Social Judgments of Faces along Different Dimensions


Poonim Daya, Shuo Wang


Ralph Adolphs, Professor of Psychology and Neuroscience, California Institute of Technology

In everyday life, people constantly form judgments of others based on purely facial features. The chief objective of this study is to determine how the brain picks up subtle changes in facial structures by investigating perception along different facial dimensions. Established software was used to create sets of faces that vary along one dimension to another: “happy vs. fearful”, “anger vs. disgust”, “anger vs. fearful”, “male vs. female” and more complex social dimensions, like dominance and trustworthiness. We presented subjects with faces and asked them to judge the face as well as rate their confidence while recording their choices, reaction times, confidence levels, and eye fixations. Subjects were able to pick up subtle changes in facial structures regarding emotion and gender, based on the relationship between the strength of an emotion and the percentage of times that emotion was chosen. We found a significant difference between patients with bilateral amygdala lesions and healthy controls in judging trustworthiness, while we did not observe any significant difference between controls and people with autism. Continuation of this study could involve investigating the brain structures involved in facial judgments using fMRI.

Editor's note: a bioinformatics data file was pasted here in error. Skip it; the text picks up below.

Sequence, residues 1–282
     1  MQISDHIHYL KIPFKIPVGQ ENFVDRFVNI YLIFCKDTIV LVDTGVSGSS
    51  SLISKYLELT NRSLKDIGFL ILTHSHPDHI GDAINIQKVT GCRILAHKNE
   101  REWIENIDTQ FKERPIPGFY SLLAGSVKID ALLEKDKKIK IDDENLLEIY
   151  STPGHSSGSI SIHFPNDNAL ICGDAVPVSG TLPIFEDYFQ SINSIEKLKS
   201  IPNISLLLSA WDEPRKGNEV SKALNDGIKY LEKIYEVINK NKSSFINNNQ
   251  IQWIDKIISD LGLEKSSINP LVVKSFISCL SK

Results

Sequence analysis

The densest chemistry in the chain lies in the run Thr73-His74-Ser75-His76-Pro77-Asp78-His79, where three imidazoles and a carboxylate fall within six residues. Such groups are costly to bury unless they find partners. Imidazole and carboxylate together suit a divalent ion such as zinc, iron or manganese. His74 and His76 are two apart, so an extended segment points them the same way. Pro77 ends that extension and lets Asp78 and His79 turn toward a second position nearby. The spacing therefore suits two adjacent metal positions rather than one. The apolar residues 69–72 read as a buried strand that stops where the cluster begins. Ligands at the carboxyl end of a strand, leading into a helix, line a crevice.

Presented by:

Poonim Daya


Saturday, November 23, 2013


2:40 PM — 2:55 PM


Hoover 108

Presentation Type:

Oral Presentation